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Day 8 and 9 - Belfast

Research Room at PRONI

   After having the orientations to the various repositories, Thursday and Friday were days for open research…or sightseeing, whatever the researchers preferred.  Most spent at least part of two days at PRONI.  One researcher went out and took pictures of the area where her ancestors lived in Belfast, including the churches where marriages and baptisms occurred.  

   I encourage people to use the online resources before they leave…you want to focus on the things that aren’t available in the US.  Sometimes, however,  you find information that will lead you back to those resources.   The release of the civil records database at IrishGenealogy.ie has been a wonderful resource.  Many of the consultations I did encouraged people to search the indexes and purchase certificates while in Ireland.  Now, most of those certificates are online.  Even for Northern Ireland researchers, records up through 1921 are available (with some exceptions) for free at this site.

   To the consternation of many, the research room at GRONI (General Register Office of Northern Ireland) closed this year, but they moved terminals to PRONI.  I’ve written in the past about GRONI and praised their online system, which covers births, deaths, and marriages for the six counties of Northern Ireland from inception of civil regisration (1864 for everything and 1845 for Protestant marriages) to the cutoff years (100 for births, 75 for marriages and 50 for deaths).  You register for an account, then can view the indexes for free.  Unlike the indexes for the Republic, the GRONI indexes provide additional information: the mother’s maiden name on births or the spouse name on marriages, making it easier to identify the correct individual.  You can then purchase the image of the register entry for 5 credits (about $3.00).  You can purchase up to 200 credits using your credit card.  At PRONI you need to log into your account (or create one if you don’t already have one), but the difference is there is no cutoff.  You can search up to the present and using the credits in your account, purchase the image.  I was able to identify living cousins in Northern Ireland that, because of the restrictions of the online system, I would never have been able to find!   I was able to follow the descendants of a great great uncle down to the living cousins!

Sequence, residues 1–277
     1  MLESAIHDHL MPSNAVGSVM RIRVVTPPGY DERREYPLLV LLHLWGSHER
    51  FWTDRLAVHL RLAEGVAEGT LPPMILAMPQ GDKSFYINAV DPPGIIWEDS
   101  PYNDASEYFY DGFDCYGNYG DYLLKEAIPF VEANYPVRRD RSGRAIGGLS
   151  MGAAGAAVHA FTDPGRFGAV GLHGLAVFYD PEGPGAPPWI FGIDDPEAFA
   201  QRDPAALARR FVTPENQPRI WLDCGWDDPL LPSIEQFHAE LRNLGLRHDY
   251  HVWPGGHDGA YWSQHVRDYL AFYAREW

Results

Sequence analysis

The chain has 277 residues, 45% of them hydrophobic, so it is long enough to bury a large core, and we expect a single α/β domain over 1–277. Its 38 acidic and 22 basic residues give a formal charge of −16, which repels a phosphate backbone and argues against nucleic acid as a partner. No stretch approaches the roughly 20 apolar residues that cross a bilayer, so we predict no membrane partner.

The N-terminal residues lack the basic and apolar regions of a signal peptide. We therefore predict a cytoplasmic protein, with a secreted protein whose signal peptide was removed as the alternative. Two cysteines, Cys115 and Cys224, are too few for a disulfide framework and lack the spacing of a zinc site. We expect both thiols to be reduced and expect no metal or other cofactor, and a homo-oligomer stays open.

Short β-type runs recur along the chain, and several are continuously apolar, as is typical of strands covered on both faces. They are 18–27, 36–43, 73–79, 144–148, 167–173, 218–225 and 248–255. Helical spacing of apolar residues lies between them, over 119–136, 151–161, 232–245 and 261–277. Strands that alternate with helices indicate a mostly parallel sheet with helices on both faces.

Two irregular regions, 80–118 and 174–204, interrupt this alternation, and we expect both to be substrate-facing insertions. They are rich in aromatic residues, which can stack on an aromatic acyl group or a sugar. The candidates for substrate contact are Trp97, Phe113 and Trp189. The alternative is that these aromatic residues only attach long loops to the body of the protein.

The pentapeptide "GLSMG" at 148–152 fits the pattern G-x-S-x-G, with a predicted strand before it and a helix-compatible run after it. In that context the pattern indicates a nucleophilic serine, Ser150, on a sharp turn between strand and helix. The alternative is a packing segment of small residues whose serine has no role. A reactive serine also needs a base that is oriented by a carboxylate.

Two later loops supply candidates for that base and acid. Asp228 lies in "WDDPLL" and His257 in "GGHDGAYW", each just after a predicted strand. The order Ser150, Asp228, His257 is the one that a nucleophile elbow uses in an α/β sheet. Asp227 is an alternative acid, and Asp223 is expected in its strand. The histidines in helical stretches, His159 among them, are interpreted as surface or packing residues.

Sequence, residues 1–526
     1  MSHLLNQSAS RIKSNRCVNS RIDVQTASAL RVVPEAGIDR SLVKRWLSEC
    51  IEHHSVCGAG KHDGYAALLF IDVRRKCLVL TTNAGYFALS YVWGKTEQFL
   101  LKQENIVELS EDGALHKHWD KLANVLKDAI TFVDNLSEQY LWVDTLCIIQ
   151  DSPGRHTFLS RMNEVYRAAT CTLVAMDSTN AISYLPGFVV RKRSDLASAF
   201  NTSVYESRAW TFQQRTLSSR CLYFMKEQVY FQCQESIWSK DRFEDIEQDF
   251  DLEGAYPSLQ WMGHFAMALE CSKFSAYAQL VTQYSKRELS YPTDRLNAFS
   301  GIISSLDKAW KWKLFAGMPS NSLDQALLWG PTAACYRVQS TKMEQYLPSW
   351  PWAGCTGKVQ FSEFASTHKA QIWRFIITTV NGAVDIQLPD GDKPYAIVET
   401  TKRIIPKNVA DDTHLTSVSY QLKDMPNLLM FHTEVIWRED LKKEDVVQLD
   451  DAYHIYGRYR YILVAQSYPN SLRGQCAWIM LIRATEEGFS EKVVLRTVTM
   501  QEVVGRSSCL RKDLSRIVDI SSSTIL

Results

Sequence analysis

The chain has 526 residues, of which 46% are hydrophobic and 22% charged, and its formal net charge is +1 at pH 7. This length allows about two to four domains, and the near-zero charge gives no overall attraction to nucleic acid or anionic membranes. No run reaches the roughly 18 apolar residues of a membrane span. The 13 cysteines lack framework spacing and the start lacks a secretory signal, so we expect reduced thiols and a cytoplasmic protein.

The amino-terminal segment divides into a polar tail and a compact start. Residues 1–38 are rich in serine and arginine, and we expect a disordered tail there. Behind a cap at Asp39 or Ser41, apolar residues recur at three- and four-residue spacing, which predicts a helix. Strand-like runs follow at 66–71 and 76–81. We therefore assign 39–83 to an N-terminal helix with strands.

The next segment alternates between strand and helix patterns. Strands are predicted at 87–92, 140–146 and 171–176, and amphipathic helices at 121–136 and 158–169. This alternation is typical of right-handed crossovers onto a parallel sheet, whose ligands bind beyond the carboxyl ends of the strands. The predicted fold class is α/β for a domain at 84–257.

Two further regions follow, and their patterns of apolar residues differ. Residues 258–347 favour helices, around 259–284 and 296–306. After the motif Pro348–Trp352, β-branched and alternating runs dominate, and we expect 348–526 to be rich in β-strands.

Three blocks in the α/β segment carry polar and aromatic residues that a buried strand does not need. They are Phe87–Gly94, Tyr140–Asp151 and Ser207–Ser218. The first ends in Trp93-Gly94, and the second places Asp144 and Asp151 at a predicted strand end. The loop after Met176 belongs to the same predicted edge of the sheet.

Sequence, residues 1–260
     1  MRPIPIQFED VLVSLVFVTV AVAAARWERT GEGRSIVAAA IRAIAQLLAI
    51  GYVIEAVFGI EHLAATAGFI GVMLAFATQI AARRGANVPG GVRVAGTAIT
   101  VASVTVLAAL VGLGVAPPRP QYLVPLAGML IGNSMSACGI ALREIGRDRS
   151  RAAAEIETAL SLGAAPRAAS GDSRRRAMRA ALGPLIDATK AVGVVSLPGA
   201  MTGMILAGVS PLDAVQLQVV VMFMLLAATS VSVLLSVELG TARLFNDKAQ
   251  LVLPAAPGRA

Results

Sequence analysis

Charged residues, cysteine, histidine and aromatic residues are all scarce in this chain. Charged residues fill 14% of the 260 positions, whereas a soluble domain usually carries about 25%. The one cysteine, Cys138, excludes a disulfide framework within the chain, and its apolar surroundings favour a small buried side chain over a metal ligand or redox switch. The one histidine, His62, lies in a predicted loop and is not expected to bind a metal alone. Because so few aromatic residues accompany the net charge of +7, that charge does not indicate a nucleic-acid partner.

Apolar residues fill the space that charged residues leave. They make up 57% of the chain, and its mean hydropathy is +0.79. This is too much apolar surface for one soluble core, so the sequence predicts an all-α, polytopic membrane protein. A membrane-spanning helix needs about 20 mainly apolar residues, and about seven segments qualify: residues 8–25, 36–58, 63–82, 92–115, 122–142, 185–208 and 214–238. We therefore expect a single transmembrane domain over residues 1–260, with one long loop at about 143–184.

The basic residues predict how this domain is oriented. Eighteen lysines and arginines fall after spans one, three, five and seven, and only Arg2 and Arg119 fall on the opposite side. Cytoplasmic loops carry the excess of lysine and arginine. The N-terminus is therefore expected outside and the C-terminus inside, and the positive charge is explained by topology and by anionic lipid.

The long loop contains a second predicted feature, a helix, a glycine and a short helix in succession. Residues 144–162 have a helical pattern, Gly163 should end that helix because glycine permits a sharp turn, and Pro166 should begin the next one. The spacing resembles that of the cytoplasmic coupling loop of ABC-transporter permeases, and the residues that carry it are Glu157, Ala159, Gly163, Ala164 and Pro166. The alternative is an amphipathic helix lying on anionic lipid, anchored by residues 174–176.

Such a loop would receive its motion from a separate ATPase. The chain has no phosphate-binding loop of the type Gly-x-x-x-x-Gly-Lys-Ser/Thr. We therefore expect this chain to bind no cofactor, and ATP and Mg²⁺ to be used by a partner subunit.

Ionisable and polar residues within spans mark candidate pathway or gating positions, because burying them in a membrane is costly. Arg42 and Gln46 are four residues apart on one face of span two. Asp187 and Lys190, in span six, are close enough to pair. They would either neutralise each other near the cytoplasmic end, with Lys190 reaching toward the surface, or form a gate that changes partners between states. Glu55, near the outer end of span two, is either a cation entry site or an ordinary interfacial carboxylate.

For those of us with Irish ancestry the loss of records in the fire in 1922 has had devastating results.  If you have your ancestors back to the early 1800’s you may not be able to go back any further on specific lines.  But learning about the history of the area where your ancestors lived can help you understand their lives.  As Des McCabe pointed out the first day, the people who lived in the same time and place as your ancestors, had the same experiences and were probably known to them.  Learning about what was happening at the time your ancestors emigrated might provide insight as to why they left.  Was the landlord encouraging emigration to clear the land?  Did a factory close putting your ancestor out of work?  Using the estate records of the landlord, for example, might not name your specific ancestor, but will tell you what was happening.  Reading the Ordnance Survey Memoirs of the 1830s tells about the quality of the land in the townland where your ancestor lived and provides information on the social customs. These books were published for Northern Ireland by Queens University in the 1990s but are not published for the Republic of Ireland.  If you’re planning a trip to Northern Ireland to research come with an open mind and don’t be disappointed if you don’t find a specific record on your ancestor.  There are amazing manuscript sources to search.

   On Friday evening the entire group, along with Des McCabe and his wife Anita, had dinner at St. Georges Restaurant.  I met Des about three years ago when he provided the orientation for a group I had at PRONI.  Last year, to my surprise, I met a new cousin, Anita Gallagher, who turned out to be Des’s wife!   St. George’s Market has been in Belfast since the 1890s and is a delight to visit.  The stalls contain fresh vegetables, fish, meat, backed goods and crafts of all kinds.  The restaurant is upstairs, overlooking the market.  Even though the market was closed, you could look down over the hall and get a feel for what it is like.  The dinner was a great culmination to a week of researching.  Tomorrow I head for Dublin.  Five of the Belfast researchers will also be coming to Dublin to continue their research journey.


© Donna M. Moughty 2007- 2017